Players’ Weekend is back!
For the second consecutive year, Major Leaguers put their personalities and passions on the field as Players’ Weekend took center stage during all games played from Friday through Sunday.
Saturday, at Marlins Park it was game three of a four-game home series as the Atlanta Braves visit the Miami Marlins.
The Braves sent Right-hander Anibal Sanchez on the mound, who broke into the majors with the Marlins in 2006. The home team sent left-hander Wei-Yin Chen.
It was the rookie, who was resting who delivered. Brian Anderson delivered with a pinch-hit, two-run home run in the seventh inning to help the Marlins beat the Braves 3-1 on Saturday night.
“It was kind of a reset,” Anderson said. “It helps your body, your legs get underneath you. I was relaxed for a day even if I had that one at-bat. I just tried to go in and have a good at bat especially In a situation like that. The pressure is not on me, it’s on the other pitcher.”
Anderson delivered his first career pinch-hit home run and the 10th of the season with his shot to left field off Chad Sobotka for a 3-0 lead.
“That was huge,” Marlins manager Don Mattingly said. “It’s one of those games you’re walking a tightrope. Anything can happen, and you see what happened in the ninth with the leadoff homer. You still had some breathing room.”
Anderson became the seventh Marlins player to reach double-digits in home runs this season. It is the most players with at least 10 in a season since the 2008 team also had seven.
This weekend players from both teams let their personalities and passions shine with their nicknames that players across all clubs wore on their backs while sporting colorful, non-traditional uniforms featuring alternate designs inspired by youth-league uniforms.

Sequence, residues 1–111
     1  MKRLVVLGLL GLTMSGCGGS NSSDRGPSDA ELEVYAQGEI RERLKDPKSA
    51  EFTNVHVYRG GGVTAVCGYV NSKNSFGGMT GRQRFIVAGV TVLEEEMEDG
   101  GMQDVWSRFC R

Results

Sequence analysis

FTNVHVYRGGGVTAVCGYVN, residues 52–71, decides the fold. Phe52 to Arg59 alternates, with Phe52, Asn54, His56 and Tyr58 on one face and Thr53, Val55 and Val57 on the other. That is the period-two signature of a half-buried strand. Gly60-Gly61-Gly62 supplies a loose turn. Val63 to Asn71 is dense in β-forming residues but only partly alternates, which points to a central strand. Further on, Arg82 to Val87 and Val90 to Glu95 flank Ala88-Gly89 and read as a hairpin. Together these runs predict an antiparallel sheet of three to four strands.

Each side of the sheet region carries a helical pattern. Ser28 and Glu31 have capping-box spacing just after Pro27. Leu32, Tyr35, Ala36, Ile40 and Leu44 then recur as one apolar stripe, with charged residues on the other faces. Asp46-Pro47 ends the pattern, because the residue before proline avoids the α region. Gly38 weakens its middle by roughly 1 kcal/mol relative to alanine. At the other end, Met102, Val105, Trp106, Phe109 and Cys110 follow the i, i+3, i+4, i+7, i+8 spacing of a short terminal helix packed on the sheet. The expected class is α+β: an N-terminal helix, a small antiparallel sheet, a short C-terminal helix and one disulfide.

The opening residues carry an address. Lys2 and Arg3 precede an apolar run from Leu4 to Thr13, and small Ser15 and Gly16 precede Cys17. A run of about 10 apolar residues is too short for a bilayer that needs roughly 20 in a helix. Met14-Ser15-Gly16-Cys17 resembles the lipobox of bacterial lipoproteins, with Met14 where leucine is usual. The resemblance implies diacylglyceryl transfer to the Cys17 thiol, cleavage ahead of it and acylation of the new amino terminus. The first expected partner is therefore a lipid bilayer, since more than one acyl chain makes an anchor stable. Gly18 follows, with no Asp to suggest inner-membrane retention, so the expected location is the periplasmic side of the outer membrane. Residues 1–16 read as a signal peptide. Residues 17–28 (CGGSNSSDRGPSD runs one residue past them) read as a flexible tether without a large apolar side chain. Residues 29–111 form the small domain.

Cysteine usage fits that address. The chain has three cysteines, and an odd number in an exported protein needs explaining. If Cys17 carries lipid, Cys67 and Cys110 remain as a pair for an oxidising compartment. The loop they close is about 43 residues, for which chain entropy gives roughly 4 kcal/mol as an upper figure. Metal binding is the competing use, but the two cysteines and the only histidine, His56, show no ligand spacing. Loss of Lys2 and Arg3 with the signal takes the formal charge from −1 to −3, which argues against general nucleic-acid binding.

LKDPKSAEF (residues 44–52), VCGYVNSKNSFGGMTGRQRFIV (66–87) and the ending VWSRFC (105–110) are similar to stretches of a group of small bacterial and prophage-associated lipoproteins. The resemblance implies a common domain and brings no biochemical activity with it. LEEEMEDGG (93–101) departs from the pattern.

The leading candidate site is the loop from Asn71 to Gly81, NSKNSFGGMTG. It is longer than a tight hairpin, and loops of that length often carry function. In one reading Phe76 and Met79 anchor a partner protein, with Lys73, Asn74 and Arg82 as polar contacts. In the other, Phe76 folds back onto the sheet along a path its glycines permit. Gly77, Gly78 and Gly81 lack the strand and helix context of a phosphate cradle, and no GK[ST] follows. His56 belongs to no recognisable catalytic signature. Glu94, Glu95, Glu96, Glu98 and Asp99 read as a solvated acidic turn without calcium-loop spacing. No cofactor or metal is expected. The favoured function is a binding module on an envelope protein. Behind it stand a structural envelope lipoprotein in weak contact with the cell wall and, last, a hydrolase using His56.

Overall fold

Chen had “Weigh in,” on the back of his uniform. Get the wordplay?
Chen was striking out boxers of any weight when they stepped up to the plate. Six strong innings for Chen to go along with ten strikeouts, that was a heavy weight performance if I ever witnessed one. Chen was not handed the “MVP of the game chain,” after the game.
“It was a great team win, I pitched not bad, Andy did a better job,” Chen said through a translator. “I am still happy for him.”
At Chen’s first at-bat, the bat flew out of his hand after a missed swing and into the Marlins dugout. He laughed about it.
Last season, MLB and the MLB Players Association announced jointly on Wednesday that Players Weekend will be a player-focused field festival of sorts, different than anything seen before at the top rung of the sport. In addition to nicknames on the backs of jerseys made by Majestic, players can wear and use uniquely colored and designed spikes, batting gloves, wristbands, compression sleeves, catcher’s masks and bats.
Braves rookie Ronald Acuna Jr. was 2 for 4 and is hitting .340 (32 for 94) in August with 18 extra-base hits. Acuna used a custom designed bat with an illustration of the Venezuelan flag covered on it, capped off with “SABANERO SOY,” on the back of his uniform. Translation “I’m from the Savannah.”
During Players Weekend, the players also will be able to wear specially designed caps by New Era, and different socks from Stance. Players even can wear T-shirts highlighting a charity or cause of their choice during pregame workouts and postgame interviews. The same authentic jerseys, tees, caps, and socks are available now at the MLB.com/shop.
Additionally, during Players Weekend, the right sleeve of each player’s jersey will feature a patch with a blank space for him to write the name of a person or organization that was instrumental to his development. The patch features a new logo that shows a progression of five players increasing in size to demonstrate the process of a player’s path from Little League and youth leagues to Major League Baseball. The new “Evolution” logo, which symbolizes solidarity with local youth baseball and softball organizations, will also appear on the back of each club’s cap and jerseys in place of the MLB silhouetted batter.
It was a sight to see. Players weekend continues to be a success in only the second season. Are the fans fully engaged in return that has yet to be seen without including jersey sales, but it will grow.
MLB and MLB.com contributed to this article.